Name: NBA Ballers: The Chosen One
Genre: Sports – Street Basketball
Platforms: Xbox 360, PS3 (Reviewed on Xbox 360)
In the realm of basketball video games there are two categories that titles can fall into: simulation and arcade. Simulation games tend to follow the rules of NBA (or college) basketball, complete with fouls, traveling calls, goaltending, half-court offenses and full-court presses. Arcade games take the opposite approach, favoring high-flying, fantastical dunks, off the forehead passes, and a rules-free environment where fouls and goaltending are unheard of. NBA Ballers: The Chosen One, the third console iteration in the Ballers series, can’t figure out what kind of game it is, and as a result, fails to deliver a decent arcade or simulation experience.
Following in the footsteps of its predecessors (and its predecessors’ predecessors, NBA Jam,) The Chosen One allows you to build your own custom street-baller, then take him through a series of challenges against NBA superstars. The character creation seems to be a focus of the game, but the customization options are very limited, and the facial modifications are barely noticeable. As you complete challenges, you’ll unlock more customization options, like new clothes, jewelry, and even special moves. The problem here is that in order to apply these new options, or even see what these unlocked items are, you need to back out of your season mode game, then back out of season mode entirely, then go into character creation, then choose your baller, then…it takes forever, and there are multiple load screens in-between, each one at least 30 seconds long. The process is agonizingly time consuming, and could have been easily remedied by inserting customization screens in-between games.
Most of the challenges are pretty standard one-on-one or two-on-two matches, but there are some variations. Some games require you to overcome large leads in a limited amount of time while others task you with defeating an opponent without letting him score. These different modes tend to be more frustrating than the regular ones, and some of them are almost impossible. Take, for example, the one-on-one-on-one no ball-check mode. Without the need to bring the ball back after rebounding, the game quickly devolves into an absolute mess, with players dunking the ball, catching their own rebound, then dunking again immediately. It’s one of the silliest and least entertaining game modes in the history of sports games, and in order to advance through the story, you have no choice but to play through it multiple times.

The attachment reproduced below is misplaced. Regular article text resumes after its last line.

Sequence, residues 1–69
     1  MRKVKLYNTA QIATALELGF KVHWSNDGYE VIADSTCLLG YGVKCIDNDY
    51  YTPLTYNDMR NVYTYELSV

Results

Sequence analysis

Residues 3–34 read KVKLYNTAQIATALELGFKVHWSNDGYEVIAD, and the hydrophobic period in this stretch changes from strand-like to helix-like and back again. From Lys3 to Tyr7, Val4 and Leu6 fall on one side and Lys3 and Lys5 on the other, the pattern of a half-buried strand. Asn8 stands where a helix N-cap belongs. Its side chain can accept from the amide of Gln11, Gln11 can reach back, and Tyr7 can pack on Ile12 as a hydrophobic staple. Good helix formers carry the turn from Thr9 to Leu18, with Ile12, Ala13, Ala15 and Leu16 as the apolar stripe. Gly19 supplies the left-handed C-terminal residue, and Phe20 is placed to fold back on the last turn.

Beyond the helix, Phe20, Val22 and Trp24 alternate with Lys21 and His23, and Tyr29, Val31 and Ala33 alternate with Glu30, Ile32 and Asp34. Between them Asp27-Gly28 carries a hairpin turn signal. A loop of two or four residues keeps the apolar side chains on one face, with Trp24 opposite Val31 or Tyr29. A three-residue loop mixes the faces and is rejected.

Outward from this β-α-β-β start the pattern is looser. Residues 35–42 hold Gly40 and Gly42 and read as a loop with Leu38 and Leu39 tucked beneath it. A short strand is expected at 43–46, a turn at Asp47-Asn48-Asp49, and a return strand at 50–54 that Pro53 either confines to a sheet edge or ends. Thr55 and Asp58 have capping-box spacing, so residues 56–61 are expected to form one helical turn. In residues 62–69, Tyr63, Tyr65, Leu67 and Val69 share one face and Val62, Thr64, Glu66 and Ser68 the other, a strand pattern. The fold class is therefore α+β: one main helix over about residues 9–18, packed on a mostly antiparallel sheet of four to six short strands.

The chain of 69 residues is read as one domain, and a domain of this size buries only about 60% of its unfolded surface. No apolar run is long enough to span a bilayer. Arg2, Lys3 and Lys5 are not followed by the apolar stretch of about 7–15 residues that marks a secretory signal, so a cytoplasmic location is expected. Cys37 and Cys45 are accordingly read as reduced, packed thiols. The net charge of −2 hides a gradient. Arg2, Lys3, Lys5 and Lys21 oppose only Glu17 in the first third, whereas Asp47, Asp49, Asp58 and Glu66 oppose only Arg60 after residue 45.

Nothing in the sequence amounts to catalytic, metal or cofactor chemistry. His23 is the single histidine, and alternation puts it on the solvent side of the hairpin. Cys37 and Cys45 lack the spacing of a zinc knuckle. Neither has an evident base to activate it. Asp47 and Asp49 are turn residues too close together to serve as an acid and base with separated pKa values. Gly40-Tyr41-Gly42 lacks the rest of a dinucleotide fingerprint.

This kind of botched game design would be a lot more forgivable if the core game mechanics were any good. Sadly, that’s not the case. The game’s controls are overly complicated and not terribly responsive, and the structure of the games themselves is nonsensical. In a high-flying, arcadey street-ball game, you don’t expect to see things like personal fouls, goaltending calls and shot clocks, but all of them are here, and are all poorly implemented to boot. Goaltending calls are inconsistent at best, and at times seemingly random, shot clocks don’t always reset when they’re supposed to, and the foul system is ridiculous. When you commit a foul (which are also called arbitrarily,) the action doesn’t stop, unless it’s your fifth foul. When that happens, your opponents get to shoot a free throw, which, for some inexplicable reason, counts for three points, then take possession of the ball. The rules simply don’t make sense, and fail to make the game feel like a full basketball game.
Of course, maybe that’s intentional, as the game’s main focus – crazy jukes and dunks – consist mainly of long, canned animations. Any combination of shoulder buttons gve your baller “Juice,” a sort of turbo mode where all your moves become more extreme and effective. Using enough Juice moves will fill up a meter that allows you to use “Shut-Em-Down” moves. These extremely extreme moves are even more extreme than the extreme moves, allowing you to finish a game with a single dunk, or grab a guaranteed steal or block. During the fifteen second animations for these, you have no control of the action at all. On the whole, the game feels more like a series of interactive cut-scenes than a proper video game.
You’ll also find serious frustration in your computer-controlled teammate, who will consistently throw errant passes, refuse to play defense, and shoot and miss 2 foot jumpers instead of dunking the ball. In one game, my teammate Marcus Camby failed to complete 5 out of 8 in-bound passes. That’s unacceptable. Playing head-to-head against a friend alleviates this problem somewhat, and is easil the game's best feature. There are, however, plenty of technical problems to be found, like crippling collision detection issues, no matter what mode you're playing, preventing even the multiplayer from being anything more than a forgettable five minute diversion.
The game doesn’t look particularly good, either. Character models are nice enough, but suffer from laughable fabric modeling and stilted, choppy animations. Players’ faces are better, and really do look like their NBA counterparts, but characters’ heads are almost cartoonishly big, and feature creepy, lifeless eyes that never blink. At least the courts look nice, with lots of well-rendered, interesting locales in which to play.
Due to a unique arrangement with the NBA, Midway and EA share the license to create games using NBA teams and players. On alternating years, EA makes NBA Street games, and Midway makes NBA Ballers games. This year, the choice is clear: wait for next year’s NBA Street. Ballers is just too glitchy, ugly and frustrating to be worth even a rental.